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  • Writer's pictureAmanda Jade Fiorino

May You Be Changed By What You Hear

I've been busy climbing Juniper limbs and pressing my way through Scrub Oak, tenaciously constructing piles of dead brush and branch like an inexperienced beaver for this coming summer. Fire mitigation is necessary as we have not received the snow pack needed for these parts, and wildfires are always a looming concern.

I have found myself twisted and swirled about by the mythic forces of the Earth, by the political climate of Turtle Island and the world, by the tending that comes with being Mother, by wounds that claw their way up from the depths of me, by the building of our home, by the tending and terra-ing of and with this land, by the quickening and collapse all around us.

When I'm in the trees, my hands wrapping around their limbs, feeling their bark tickle exposed skin or branches drawing blood from legs and arms, I find myself rooting into their stillness, and a silence sweeps over my gut and heart.

𝐼𝓉'𝓈 𝒾𝓃 𝓉𝒽𝒾𝓈 𝓅𝓁𝒶𝒸𝑒 𝓉𝒽𝒶𝓉 𝓂𝓎 𝓌𝒽𝑜𝓁𝑒 𝒷𝑜𝒹𝓎 𝒽𝓊𝓂𝓈 𝓌𝒾𝓉𝒽 𝒶 𝓇𝑒𝓈𝑜𝓃𝒶𝓃𝓉 𝓁𝒾𝓈𝓉𝑒𝓃𝒾𝓃𝑔.

I hear more crisply the chickadees, juncos, magpies, crows, ravens, pinyon and stellar jays, golden eagles, mountain bluebirds, and nuthatches whispering erotic incantations of spring time, birth, and a heralding of the green shoots pressing their way up from the fecund and delicious dark of the earthen womb. I hear the subtle caress of the wind against last years oak leaves, and the crunch ponderosa pine needles under deer hooves. And there's the family of Turkeys that gurgle and coo while seeking last years seeds still clinging to tall grass blades.My invitation for you is inspired twofold by both the land and a poem. Let me first offer a quote by Mark Nepo: "To listen is to lean in, softly, with a willingness to be changed by what we hear."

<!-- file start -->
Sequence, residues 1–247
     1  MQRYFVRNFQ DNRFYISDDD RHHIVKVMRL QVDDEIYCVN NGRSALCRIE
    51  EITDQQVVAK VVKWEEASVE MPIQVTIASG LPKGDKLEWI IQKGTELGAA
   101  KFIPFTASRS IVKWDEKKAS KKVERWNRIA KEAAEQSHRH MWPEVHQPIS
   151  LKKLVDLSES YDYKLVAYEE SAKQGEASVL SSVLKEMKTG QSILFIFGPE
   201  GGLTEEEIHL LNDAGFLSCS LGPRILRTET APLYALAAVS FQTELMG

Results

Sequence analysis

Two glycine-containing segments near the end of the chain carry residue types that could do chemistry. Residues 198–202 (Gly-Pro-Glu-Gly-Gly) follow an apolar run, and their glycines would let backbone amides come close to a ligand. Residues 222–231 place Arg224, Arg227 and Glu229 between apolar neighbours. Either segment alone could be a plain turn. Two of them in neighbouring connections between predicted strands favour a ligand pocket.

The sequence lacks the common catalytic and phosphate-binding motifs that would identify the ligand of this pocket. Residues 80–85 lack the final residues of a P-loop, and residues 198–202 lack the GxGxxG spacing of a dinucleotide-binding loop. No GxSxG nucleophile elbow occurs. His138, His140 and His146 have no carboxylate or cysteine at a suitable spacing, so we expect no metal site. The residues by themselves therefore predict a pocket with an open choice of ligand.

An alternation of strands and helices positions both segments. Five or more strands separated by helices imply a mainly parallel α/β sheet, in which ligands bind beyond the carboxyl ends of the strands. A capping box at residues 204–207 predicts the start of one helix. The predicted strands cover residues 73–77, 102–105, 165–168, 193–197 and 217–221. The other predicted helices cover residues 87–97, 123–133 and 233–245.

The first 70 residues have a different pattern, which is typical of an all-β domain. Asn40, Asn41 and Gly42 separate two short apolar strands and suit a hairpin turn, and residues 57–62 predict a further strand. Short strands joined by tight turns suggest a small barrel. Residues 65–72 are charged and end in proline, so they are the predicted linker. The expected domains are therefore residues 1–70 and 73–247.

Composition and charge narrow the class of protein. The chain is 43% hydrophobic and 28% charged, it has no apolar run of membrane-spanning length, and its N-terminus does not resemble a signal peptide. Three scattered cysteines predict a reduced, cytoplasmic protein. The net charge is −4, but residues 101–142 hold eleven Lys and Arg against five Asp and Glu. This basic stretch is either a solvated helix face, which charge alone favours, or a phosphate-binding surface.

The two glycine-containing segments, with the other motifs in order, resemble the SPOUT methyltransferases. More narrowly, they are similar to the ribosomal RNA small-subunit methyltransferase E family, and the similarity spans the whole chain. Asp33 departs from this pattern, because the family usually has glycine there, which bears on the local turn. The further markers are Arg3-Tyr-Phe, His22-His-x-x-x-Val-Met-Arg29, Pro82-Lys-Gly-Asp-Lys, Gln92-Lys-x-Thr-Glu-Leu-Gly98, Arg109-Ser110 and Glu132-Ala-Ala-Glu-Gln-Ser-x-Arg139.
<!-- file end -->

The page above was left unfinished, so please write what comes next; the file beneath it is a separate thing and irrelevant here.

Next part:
𝒯𝑜 𝒷𝑒 𝒸𝒽𝒶𝓃𝑔𝑒𝒹 𝒷𝓎 𝓌𝒽𝒶𝓉 𝓌𝑒 𝒽𝑒𝒶𝓇.


To go to a place on the land, and let your animal body melt into the ground or limbs holding you. Then, simply, 𝒷𝑒𝑔𝒾𝓃 𝓉𝑜 𝓁𝒾𝓈𝓉𝑒𝓃. Listen with your whole body to the land and earthen kin. Listen deeply to the smells of spring, the colors of fresh growth and old decay, the caress of soil, the spell-binding songs of wingeds. Let your listening be an invitation not only for intimacy, but also for place to happen to you. That rather than seeking something from place, you are offering back to place your attentive love and devotion, as if you could hear the green shoot sinewing it's way past mycelium and earthworms toward a vibrant sky.

ᗩᔕ Iᖴ ᗯᕼᗩT TᕼE GᖇEEᑎ ᔕᕼOOT ᕼᗩᔕ TO ᔕᕼᗩᖇE ᑕOᑌᒪᗪ ᑌᑎᗪO YOᑌᖇ EᑎTIᖇE ᗯOᖇᒪᗪ ᗯITᕼ ᑕᗩᔕᑕᗩᗪIᑎG ᗪEᒪIGᕼT.

And to top this invitation off, I shall leave you with a poem by Rosemerry Wahtola Trommer:"Let me listen.

"Let me not know what to say. Let me receive the world as it slurs and shrieks, hums and whispers, speaks and bleats. Let me lean ever closer in. There are walls I have built in my ears. There is so much I would rather not hear. Let me listen. Let me receive with wonder. Let all be worthy of note. Let me be witness, eavesdropper, spy. Let me never pretend to be deaf. Let the world slip into me and change me as light changes a room. Let me be silent, let me listen, and in listening, let me be new."

May the land, through your listening, slip into you and change you!

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